Tveitt Hundred Hardanger Tunes Naxos 8.555770

Déjà Review: this review was first published in March 2002 and the recording is still available.

Geirr Tveitt (1908-1981)
Hundred Hardingtonar (A Hundred Hardanger Tunes), Op 151
Suite No 2 – Tunes 16-30 (Fifteen Mountain Songs)
Suite No 5 – Tunes 61-75 (Troll Tunes)
Royal Scottish National Orchestra/Bjarte Engeset
rec. 2001, Henry Wood Hall, Glasgow
Naxos 8.555770 [72]

Don’t be alarmed, there are certainly not a hundred Hardanger tunes on this CD. In fact, there are just 30; all of them beautifully orchestrated. David Gallagher’s informative and witty booklet notes explain that there are four suites in all, each of fifteen tunes. These are numbered 1, 2, 4 and 5. Suite 3 is incomplete and there are sketches for Suite 6. Even so that still does not come to a hundred but never mind.

So what we have are two attractive orchestral suites which use Folk material from the Hardanger region of Western Norway where Tveitt lived, or which were composed in a folk style. It is impossible to tell which are which and it doesn’t matter, as the style of the music is consistent throughout.

Geirr Tveitt was amazingly prolific. He studied in Vienna and Paris with such composers as Honegger and Wellesz. He retained his strong emotional connection with an area of his native Norway where he spent many a childhood holiday and where he had seen at first hand the local instruments played and heard the local music. In 1942, he settled permanently with his family in the Hardangerfjord. The CD booklet has a lovely photograph dated about 1954 of the composer in local costume seated with an indigenous instrument, rather like a dulcimer.

Sadly a great deal of his music was lost in a tragic fire at this farmstead in 1970. Naxos has recently released the two Piano Concertos, and last summer, Suites 1 and 4 of the Hardanger Tunes. There are also, if you look carefully, discs of his piano music. Nevertheless, we shall never know the full extent of his considerable output.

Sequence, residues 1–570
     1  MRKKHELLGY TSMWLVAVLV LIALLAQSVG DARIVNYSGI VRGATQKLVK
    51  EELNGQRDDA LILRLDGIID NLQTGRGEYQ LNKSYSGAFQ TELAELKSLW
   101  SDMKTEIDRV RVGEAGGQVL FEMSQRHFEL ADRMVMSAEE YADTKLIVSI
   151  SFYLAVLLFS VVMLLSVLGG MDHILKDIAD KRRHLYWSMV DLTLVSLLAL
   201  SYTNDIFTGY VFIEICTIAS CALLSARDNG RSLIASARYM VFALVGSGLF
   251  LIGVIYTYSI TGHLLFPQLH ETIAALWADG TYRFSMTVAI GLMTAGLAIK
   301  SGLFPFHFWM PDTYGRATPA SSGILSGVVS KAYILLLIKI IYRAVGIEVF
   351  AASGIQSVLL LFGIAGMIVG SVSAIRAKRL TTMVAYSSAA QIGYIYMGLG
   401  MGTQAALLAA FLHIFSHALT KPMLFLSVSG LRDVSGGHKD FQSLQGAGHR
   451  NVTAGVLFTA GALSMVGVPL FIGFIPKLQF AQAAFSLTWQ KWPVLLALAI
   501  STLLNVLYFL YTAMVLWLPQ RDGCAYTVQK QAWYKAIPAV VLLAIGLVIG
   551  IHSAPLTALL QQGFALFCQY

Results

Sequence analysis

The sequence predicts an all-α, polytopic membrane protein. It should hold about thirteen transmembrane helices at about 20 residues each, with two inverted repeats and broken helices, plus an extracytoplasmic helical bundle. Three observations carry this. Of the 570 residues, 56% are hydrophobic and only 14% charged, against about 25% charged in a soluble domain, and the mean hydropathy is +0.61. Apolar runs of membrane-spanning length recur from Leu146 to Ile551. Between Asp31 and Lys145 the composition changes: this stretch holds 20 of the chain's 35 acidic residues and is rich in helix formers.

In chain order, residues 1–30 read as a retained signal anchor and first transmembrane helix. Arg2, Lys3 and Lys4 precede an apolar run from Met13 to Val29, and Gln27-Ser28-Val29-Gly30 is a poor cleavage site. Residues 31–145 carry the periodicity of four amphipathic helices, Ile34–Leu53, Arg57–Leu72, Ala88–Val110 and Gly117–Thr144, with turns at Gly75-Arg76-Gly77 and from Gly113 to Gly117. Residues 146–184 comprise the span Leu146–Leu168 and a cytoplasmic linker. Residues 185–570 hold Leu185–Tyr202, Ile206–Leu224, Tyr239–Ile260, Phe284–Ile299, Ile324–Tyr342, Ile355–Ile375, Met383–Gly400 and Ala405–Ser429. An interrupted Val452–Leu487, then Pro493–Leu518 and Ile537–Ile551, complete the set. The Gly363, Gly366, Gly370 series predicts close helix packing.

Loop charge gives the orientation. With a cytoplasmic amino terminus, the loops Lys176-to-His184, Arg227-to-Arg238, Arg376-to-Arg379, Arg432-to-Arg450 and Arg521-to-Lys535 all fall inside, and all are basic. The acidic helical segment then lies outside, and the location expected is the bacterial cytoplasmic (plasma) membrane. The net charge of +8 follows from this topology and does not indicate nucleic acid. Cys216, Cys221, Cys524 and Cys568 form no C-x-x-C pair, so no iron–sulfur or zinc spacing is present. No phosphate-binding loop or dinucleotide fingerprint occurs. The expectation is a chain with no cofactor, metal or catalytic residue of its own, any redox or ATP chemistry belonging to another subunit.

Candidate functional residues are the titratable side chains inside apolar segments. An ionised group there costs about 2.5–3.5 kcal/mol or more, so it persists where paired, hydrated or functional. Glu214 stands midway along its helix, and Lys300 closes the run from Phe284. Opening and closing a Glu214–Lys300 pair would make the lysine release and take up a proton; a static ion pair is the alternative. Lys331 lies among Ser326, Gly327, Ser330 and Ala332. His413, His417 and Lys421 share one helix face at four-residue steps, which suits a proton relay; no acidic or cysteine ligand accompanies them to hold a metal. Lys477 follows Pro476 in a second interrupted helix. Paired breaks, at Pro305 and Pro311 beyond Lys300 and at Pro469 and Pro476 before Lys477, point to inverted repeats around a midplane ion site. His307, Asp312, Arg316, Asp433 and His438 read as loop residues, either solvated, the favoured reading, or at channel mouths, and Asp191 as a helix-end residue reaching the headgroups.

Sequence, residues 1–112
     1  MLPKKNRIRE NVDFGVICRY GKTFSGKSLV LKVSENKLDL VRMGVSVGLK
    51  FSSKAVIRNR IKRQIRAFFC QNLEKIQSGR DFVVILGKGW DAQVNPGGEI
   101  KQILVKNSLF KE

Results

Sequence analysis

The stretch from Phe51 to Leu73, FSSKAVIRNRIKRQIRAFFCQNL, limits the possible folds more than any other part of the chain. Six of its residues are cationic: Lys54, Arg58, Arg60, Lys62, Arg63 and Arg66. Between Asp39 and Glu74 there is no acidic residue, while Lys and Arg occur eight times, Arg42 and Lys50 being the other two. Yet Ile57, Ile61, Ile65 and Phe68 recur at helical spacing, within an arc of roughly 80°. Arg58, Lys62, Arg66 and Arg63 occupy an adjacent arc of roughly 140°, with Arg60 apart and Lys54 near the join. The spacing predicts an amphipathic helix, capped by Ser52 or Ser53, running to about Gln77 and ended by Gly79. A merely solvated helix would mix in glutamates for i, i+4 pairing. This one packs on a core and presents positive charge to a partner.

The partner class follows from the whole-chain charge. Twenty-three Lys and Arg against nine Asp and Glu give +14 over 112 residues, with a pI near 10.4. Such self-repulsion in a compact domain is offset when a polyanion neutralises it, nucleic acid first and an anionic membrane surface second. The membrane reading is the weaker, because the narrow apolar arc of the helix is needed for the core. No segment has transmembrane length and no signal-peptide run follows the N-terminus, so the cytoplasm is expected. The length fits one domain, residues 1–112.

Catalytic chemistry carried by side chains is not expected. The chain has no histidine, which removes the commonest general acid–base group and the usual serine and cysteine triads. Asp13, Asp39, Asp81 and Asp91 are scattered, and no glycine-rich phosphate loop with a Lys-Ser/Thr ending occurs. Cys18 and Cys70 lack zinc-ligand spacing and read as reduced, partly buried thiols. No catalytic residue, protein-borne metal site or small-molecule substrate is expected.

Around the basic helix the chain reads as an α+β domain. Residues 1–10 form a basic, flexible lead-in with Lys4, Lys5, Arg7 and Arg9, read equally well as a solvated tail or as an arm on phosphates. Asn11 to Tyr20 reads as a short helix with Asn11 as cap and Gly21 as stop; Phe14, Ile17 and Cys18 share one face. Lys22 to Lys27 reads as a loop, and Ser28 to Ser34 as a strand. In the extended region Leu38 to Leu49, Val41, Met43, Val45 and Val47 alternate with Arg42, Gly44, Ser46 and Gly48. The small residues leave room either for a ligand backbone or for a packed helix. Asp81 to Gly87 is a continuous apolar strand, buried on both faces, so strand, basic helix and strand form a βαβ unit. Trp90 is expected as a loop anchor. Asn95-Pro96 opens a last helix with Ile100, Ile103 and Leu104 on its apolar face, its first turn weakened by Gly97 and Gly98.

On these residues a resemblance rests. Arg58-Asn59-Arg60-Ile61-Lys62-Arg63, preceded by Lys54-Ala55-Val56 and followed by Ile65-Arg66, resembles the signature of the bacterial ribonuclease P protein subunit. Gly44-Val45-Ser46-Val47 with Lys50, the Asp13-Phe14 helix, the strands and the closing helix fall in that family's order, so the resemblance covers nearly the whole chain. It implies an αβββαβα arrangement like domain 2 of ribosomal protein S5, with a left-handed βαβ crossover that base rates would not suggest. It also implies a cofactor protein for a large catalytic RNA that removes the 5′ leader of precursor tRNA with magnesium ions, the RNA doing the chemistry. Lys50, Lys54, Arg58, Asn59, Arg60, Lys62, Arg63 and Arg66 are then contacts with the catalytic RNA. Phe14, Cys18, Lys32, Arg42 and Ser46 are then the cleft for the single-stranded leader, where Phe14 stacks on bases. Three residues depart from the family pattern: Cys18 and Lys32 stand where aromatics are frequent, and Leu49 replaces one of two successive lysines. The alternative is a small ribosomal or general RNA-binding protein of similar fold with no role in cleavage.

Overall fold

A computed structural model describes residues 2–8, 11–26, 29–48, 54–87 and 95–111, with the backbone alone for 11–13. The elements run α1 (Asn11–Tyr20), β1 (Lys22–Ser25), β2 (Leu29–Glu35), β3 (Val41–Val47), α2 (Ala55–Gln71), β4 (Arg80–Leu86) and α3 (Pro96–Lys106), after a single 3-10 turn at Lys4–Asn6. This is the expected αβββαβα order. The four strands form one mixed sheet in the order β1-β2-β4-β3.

The Hardanger melodies are peculiar to the area; due to the difficult terrain intercommunication between villages and towns was only possible in summer, so some tunes and stories were known only within particular families.

Unlike the Suites 1 and 4 mentioned earlier, the suites on this CD do not have a narrative running through them, but each piece in itself is almost a short story. Realising this, Tveitt gave Suite 2 the overall title ‘Fifteen Mountain Songs’ with individual titles like Mountain Cattle-Call. This is illustrated by gentle string melodies and solo flute. Mountain girl skiing downhill is depicted by a contra-bassoon introduction and a simple three bar melody repeated sixteen times, achieving a great climax.

The 5th Suite is entitled ‘Troll-tunes’ with titles such as ‘The Changeling’ (which might remind some listeners of Mussorgsky) and the closing, intimidating ‘Doomsday’ with its apocalyptic bells.

At times, I can hear that Tveitt knew Janacek well, especially in the brass writing. The spaciousness of the music can seem Coplandesque as David Gallagher remarks. I find also that I can hear where Harald Sæverud is coming from, and even, in the block harmonies, Jon Leifs. But one thing I can tell you for certain is that nowhere is the music reminiscent of Grieg.

Naxos here continue their excellent policy of using a conductor and/or orchestra from the composer’s country. This has happened whether the music is from Spain (Balada), America (Antheil), Britain (Bax) and I think that this is a very good idea. Of course, music is an international language and you are as likely to come across a superb performance of Elgar by an American or Dutch Orchestra as you are by a British orchestra. However, there is also a feeling that with music which is basically nationalist it is wise at least to find a conductor who is ‘in sympathy’ with the repertoire, especially when it is as rare as this. Bjarte Engeset cares for and loves this music. The Royal Scottish National Orchestra have a natural rapport with the music of the North. Between them, they coax this gorgeous music into shape without effort or artificiality. Highly recommended.

Gary Higginson

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